It should be noted that the logo and designs are the same in both betting and news websites. What is conspicuously absent in those advertisements is marketing of the news websites. Except for the logo, which indicates that it is news or blog, there is no promotion of news or the blog (such as directives to go and check sports updates). The FairPlay advertisement goes a step ahead and declares that “there is no entry fee to play the sport”. Is that really referring to sports news?
This indicates that the news is a mere shadow product to circumvent the prohibition. Also, these advertisements do not satisfy the brand extension criteria like market presence, visual effects, story line and so on mentioned in advertising code, discussed earlier.
The Advertising Standards Council of India (‘ASCI’), which is recognised under the Cable Television Network Rules, comes down heavily on surrogate advertisements. ASCI’s self-regulatory code provides even harsher requirements to qualify as brand extension: the advertised product should be registered with an appropriate government authority. If it is brand in existence for more than two years, it should have a sales turnover of five crore rupees nationwide and on crore rupees state-wide. If it did not complete two years, it should have a minimum revenue of twenty lakh rupees per month and an investment over ten crore rupees. It is highly questionable if these news websites qualify the above criteria.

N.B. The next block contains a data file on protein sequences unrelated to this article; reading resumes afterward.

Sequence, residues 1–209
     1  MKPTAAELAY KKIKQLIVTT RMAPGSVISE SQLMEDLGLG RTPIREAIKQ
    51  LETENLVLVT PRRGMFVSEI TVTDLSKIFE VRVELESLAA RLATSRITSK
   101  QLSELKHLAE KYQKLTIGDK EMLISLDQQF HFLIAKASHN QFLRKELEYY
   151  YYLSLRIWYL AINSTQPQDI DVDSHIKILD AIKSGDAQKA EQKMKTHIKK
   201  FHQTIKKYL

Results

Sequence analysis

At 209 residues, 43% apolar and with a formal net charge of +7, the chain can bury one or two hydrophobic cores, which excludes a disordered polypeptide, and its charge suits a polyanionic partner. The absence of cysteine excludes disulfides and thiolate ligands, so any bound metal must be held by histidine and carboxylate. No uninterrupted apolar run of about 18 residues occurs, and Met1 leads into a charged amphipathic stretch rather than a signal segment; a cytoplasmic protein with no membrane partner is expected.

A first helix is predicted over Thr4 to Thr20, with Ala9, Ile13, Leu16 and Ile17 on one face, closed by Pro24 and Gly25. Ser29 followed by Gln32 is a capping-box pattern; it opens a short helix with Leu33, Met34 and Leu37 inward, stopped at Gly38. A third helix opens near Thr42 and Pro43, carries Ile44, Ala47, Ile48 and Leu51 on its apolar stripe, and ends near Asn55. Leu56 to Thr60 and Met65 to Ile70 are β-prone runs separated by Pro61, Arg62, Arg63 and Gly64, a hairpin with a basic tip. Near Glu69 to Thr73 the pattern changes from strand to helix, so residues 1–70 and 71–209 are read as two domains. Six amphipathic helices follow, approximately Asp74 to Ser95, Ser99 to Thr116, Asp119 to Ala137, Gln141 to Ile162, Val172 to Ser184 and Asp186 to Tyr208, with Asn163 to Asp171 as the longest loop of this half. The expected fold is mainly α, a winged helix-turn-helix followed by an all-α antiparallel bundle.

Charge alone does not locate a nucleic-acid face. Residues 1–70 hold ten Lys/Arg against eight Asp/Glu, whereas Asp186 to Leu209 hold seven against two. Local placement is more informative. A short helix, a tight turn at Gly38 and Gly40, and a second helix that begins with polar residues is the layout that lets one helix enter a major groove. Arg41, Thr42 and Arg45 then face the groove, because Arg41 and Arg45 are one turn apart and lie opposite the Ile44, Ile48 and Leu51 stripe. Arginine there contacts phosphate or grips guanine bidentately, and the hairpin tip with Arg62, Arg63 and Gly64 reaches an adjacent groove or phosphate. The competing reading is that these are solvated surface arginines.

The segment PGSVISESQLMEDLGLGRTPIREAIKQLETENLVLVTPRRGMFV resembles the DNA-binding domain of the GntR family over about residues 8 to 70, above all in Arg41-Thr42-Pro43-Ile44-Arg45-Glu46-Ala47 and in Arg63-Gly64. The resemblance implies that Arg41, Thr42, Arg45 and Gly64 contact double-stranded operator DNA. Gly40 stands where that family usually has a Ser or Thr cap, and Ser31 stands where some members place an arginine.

These surrogate advertisements are potentially dangerous, as they can highly influence technologically savvy youth. Technology innovations like online platforms and UPI payments make it easy to indulge in betting. The State and society should be concerned about these developments and ban these advertisements before it gets too late.